The first of these was made by Eberhard Nestle. "He compared the texts of Tischendorf (Gebhardt's stereotype edition of 1895) and of Westcott-Hort. When the two differed, he consulted a third edition for a deciding vote (at first Richard Francis Weymouth's second edition of 1892, and after 1901, Bernhard Weiss' 1894-1900 edition)."[255] Aland later notes, "This purely mechanical system of a majority text summarized the results of nineenth-century textual scholarship. It eliminated the extremes of Tischendorf (due to his partiality to א ) and of Westcott and Hort (with their partiality to B), especially after Weiss' edition was adopted. It produced a text that not only lasted seventy years, but on the whole truly represented the state of knowledge of the time."[256]

The Nestle text has developed through the years. Its 13th edition of 1927 was revised by Erwin Nestle and brought into greater conformity to the above mentioned majority principle. Earlier the Wurttemberg Bible Society permitted Eberhard Nestle only to make the most important changes required by Weiss' text.

Since 1950 Kurt Aland had responsibility for the Nestle text. Later, in 1955, he became apart of the GNT project to produce a new Greek text. After the first edition of the GNT was published in 1966, Aland, who was working on a Nestle-Aland revision, brought many of his ideas to the GNT committee and many were accepted. The editorial committee soon accepted Aland's suggestion to abandon the Westcott-Hort theories. "This finally cleared the way for coordinating the two editions. . . . [The] two quite independent editions, approached a close degree of unity with regard to their text--or more precisely, their wording."[257] So today we have one widely accepted Greek Text that has in effect become a new "Textus Receptus."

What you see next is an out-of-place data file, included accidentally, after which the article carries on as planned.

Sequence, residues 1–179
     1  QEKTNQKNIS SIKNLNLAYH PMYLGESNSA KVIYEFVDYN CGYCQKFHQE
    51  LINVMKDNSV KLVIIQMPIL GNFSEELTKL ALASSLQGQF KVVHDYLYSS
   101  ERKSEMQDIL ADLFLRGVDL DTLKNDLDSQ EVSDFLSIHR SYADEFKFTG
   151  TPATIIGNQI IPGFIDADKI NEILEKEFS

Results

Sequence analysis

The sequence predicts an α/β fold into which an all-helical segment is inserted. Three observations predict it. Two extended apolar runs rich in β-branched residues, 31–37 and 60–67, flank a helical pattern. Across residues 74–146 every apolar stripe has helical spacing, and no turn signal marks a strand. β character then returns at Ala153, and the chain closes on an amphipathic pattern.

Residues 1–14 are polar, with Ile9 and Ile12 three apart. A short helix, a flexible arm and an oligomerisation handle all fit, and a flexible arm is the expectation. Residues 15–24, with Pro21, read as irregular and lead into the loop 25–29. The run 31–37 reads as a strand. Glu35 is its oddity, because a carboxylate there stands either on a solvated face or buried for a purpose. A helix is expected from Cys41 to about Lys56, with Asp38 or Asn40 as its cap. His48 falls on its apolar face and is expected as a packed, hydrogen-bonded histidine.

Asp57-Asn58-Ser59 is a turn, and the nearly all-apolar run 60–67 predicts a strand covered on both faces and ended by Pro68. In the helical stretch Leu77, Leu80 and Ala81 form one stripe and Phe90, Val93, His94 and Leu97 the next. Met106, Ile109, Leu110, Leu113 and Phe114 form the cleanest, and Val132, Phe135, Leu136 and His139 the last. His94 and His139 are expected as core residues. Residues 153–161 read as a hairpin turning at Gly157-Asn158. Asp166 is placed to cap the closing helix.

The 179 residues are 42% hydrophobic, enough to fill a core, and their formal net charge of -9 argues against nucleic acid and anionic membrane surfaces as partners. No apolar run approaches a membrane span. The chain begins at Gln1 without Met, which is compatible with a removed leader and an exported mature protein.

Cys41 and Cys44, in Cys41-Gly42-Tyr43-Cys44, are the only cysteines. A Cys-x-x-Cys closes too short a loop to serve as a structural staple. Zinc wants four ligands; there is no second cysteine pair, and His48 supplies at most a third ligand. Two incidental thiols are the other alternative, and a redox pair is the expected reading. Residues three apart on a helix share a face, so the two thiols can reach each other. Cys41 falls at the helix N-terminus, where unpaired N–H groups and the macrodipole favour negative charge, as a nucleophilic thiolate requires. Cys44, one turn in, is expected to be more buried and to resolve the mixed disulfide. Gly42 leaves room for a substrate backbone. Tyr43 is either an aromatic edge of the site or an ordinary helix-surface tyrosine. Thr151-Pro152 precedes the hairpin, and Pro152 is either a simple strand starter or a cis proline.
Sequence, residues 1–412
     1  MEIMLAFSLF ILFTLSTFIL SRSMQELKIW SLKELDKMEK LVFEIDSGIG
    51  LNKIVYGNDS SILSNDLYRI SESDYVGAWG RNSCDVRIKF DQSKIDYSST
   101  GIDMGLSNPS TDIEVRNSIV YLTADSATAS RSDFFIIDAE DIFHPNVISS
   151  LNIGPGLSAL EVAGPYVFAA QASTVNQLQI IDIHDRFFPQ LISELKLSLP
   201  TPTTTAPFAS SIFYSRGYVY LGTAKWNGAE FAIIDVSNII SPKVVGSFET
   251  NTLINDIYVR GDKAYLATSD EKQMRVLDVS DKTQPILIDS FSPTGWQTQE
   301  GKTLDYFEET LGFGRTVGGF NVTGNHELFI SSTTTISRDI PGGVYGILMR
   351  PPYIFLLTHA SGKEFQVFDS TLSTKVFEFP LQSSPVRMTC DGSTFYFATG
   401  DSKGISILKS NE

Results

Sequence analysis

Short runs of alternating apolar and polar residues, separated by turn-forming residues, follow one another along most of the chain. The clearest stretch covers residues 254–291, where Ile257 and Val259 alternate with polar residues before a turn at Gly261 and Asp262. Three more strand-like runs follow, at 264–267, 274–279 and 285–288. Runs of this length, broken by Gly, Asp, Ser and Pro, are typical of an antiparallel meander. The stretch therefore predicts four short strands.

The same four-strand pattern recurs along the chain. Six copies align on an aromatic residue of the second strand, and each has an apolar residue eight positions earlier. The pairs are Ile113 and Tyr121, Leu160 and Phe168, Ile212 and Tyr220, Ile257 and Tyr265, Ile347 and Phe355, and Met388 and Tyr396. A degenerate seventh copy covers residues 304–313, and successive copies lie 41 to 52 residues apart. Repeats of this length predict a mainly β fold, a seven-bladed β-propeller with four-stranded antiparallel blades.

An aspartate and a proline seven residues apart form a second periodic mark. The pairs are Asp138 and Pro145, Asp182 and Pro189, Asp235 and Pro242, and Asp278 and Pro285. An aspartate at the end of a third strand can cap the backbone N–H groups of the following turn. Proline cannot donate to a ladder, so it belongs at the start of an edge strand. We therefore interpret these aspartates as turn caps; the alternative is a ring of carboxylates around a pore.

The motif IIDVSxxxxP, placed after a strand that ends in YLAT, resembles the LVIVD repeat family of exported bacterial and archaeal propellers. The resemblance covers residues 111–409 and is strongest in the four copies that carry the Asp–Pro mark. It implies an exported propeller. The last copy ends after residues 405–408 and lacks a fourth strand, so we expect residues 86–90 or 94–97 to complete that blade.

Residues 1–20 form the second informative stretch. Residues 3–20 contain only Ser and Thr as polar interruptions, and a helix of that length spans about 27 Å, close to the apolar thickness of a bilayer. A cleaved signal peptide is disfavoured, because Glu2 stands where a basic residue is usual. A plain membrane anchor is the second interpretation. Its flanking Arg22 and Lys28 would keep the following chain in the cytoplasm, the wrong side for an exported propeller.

Translators and students now use this one Greek text in their work, but they do not follow this text slavishly. They follow it where they consider it certain and use their own judgment where they are doubtful it is correct.

Today the two most widely published Greek New Testaments are the Nestle-Aland 27th edition text and The Greek New Testament (GNT) 4th edition text. They have different notes, punctuation, capitalization; different ways to identify quotations from the Old Testament (the GNT uses bold type and the Nestle-Aland italic), chapter headings (the Nestle-Aland has them; the GNT has none). The Nestle-Aland text is available from the Deutsche Bibelgesellshaft (German Bible Society) of Stuttgart, Germany. The Greek New Testament is available from the United Bible Societies in its Fourth Revised Edition. The Nestle text has been widely accepted since it came out 100 years ago, in part because of its compact size.

The use of this new Greek text has essentially eliminated the use of the traditional Byzantine Greek text world wide in academic and translation circles. In this latter area, this is bound to create unnecessary confusion among many new Christians and churches who deeply desire to follow the Bible. The elimination of the tradition text is unnecessary. As Zane C. Hodges pointed out, "Under normal circumstances the older the type of text is than its rivals, the greater are its chances to survive in a plurality or a majority of the texts extant at any subsequent period. . . . a majority of texts will be far more likely to represent correctly the character of the original than a small minority of texts."[258] If the transmission was normal, the Traditional Text may be closer to the original than the older Alexandrian text and work is needed to reconsider its place. Arthur L. Farstad and Zane C. Hodges published The Greek New Testament According to the Majority Text (1982), but it receives little recognition and use. Maybe their approach of counting textual variations was a little extreme, but a new Byzantine text based on more acceptable textual criticism criteria still should be made. Applying the genealogy method should make it possible to "weigh" the various Byzantine manuscripts. But there is strong opposition against any effort to use the traditional Byzantine text, and this closed mind-set may have caused a modern corruption of the Greek text.